# Reflection of particles and light: different reflection surface types

• HP123
In summary, the speaker is seeking help with two problems related to the reflection of particles and light off surfaces. The first problem involves modeling the reflection of rigid particles off a sedimentary surface and calculating coefficients of restitution. The second problem is modeling the reflection of light off a rough surface and determining a way to connect the surface's roughness to the range of possible reflection angles. The speaker is specifically looking for information on a distribution function to characterize the range of angles. Another person suggests looking into the Bidirectional Reflectance Distribution Function and mentions other rough surface reflection models.
HP123
Hi,

I'm interested in reflection of both particles and light off surfaces. My problem is associated with a model that I'm working on and can be divided into two parts as far as I see it.

The first problem is the reflection of particles off the surface and the change in velocity due to energy losses associated with the reflection or bounce itself. I'm trying to model rigid particles bouncing off a sedimentary surface, e.g., mud, sand, gravel, or rock, but have had difficulty finding any means of calculating coefficients of restitution for different surfaces using known physical properties of the materials or even simply values that have been obtained experimentally. Does anyone know of any means of modelling this kind of process acurately?

The second issue that I'm having is modeling the reflection of light off a rough surface. I understand that if light reflects off a surface that is smooth then the angle of incidence is the same as the angle of reflection and everything is very easy. However, if the surface is not smooth, e.g., sandpaper, then for one beam of light hitting the surface at a given angle of incidence there must be a range of possible angles of reflection due to the range of possible orientations of the surface due to the roughness elements. Is anyone aware of a means of connecting the roughness of a surface to the range of possible reflection angles? I imagine that this range of angles could be characterised by some sort of distribution function like a normal distribution where for a given angle of incidence there are angles of reflection that are more common than others, hence the distribution.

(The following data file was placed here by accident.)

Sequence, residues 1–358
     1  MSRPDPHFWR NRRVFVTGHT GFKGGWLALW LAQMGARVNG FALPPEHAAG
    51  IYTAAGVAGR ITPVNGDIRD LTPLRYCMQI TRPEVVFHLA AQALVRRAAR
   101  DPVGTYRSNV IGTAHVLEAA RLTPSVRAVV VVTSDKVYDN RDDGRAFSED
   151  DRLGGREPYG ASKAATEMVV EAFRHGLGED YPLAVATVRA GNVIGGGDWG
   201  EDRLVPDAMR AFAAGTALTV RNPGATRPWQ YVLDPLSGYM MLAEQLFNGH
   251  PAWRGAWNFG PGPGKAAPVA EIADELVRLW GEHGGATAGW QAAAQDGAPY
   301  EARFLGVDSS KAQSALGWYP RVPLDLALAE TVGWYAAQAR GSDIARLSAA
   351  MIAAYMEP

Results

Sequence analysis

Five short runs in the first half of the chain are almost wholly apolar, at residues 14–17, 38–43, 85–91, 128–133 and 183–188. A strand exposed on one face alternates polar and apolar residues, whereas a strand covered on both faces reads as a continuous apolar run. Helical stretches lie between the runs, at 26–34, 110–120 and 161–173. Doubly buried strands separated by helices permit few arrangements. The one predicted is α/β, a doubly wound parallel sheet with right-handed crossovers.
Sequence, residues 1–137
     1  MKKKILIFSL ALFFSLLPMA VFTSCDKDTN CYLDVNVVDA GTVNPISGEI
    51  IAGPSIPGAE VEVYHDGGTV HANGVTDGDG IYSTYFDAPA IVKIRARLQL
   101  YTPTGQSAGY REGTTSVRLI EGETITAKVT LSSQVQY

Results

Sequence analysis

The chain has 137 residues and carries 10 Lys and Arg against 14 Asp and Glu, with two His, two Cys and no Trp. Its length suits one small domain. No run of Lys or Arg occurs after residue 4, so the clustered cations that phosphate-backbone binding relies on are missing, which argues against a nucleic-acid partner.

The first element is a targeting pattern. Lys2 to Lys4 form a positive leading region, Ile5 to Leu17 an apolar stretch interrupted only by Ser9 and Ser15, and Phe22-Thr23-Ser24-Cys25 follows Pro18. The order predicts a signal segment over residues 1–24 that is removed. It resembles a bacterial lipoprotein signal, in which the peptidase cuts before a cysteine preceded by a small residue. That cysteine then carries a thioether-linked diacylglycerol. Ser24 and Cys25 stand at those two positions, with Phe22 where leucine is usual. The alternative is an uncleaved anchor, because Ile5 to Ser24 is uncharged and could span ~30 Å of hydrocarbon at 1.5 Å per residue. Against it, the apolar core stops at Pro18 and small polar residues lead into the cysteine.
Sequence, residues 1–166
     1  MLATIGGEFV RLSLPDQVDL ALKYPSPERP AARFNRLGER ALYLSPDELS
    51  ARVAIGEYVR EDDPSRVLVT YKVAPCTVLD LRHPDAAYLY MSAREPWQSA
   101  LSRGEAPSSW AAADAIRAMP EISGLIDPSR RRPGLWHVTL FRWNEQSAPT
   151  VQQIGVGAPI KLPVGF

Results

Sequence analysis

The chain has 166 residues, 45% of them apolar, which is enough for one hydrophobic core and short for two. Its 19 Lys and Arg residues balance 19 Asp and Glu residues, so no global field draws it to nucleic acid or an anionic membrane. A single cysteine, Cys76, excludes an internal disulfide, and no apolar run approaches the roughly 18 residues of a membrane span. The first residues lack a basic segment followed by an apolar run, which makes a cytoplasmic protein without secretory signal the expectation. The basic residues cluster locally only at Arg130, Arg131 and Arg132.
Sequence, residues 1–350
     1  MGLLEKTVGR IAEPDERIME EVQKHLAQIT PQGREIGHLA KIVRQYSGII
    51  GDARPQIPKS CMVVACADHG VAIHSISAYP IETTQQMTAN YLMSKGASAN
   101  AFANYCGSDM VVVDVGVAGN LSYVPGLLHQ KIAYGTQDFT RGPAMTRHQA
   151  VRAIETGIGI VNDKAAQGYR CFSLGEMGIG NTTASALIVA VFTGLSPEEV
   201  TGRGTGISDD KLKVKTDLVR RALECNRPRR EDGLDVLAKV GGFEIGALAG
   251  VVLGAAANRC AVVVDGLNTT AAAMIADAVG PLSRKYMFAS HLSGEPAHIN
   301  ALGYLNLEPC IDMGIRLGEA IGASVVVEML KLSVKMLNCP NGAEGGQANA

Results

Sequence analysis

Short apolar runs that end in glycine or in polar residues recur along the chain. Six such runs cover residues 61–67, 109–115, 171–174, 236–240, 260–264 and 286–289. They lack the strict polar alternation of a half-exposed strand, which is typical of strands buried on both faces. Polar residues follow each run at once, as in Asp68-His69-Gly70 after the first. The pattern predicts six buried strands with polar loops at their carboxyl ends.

Thanks.

HP123 said:
<snip>
The second issue that I'm having is modeling the reflection of light off a rough surface. I understand that if light reflects off a surface that is smooth then the angle of incidence is the same as the angle of reflection and everything is very easy. However, if the surface is not smooth, e.g., sandpaper, then for one beam of light hitting the surface at a given angle of incidence there must be a range of possible angles of reflection due to the range of possible orientations of the surface due to the roughness elements. Is anyone aware of a means of connecting the roughness of a surface to the range of possible reflection angles? I imagine that this range of angles could be characterised by some sort of distribution function like a normal distribution where for a given angle of incidence there are angles of reflection that are more common than others, hence the distribution.

Thanks.

Google 'Bidirectional reflectance distribution function'. There are many rough surface reflection models- Lambertian, Kubelka-Munk, Cook-Torrance, etc.

Hi Andy,
Thanks for that response regarding my second issue. That's exactly what I need!
Cheers!

## 1. What is reflection of particles and light?

Reflection is the process by which particles or light waves bounce off a surface at an angle equal to the angle at which they hit the surface.

## 2. What are the different types of reflection surfaces?

The three main types of reflection surfaces are specular, diffuse, and retroreflective. Specular surfaces reflect light in a single direction, while diffuse surfaces scatter light in multiple directions. Retroreflective surfaces reflect light back in the direction it came from.

## 3. How does the type of reflection surface affect the direction of reflected light?

The type of reflection surface determines the angle at which light is reflected. Specular surfaces reflect light at the same angle as the incident angle, while diffuse surfaces reflect light in various directions. Retroreflective surfaces reflect light back in the direction it came from, regardless of the angle of incidence.

## 4. What are some examples of specular, diffuse, and retroreflective surfaces?

Examples of specular surfaces include mirrors, polished metal, and still water. Diffuse surfaces include paper, fabrics, and matte surfaces. Retroreflective surfaces include road signs, safety vests, and reflective tape.

## 5. How is the law of reflection applied to the reflection of particles and light?

The law of reflection states that the angle of incidence is equal to the angle of reflection. This means that the direction of reflected light particles or waves can be predicted based on the angle at which they hit the surface.

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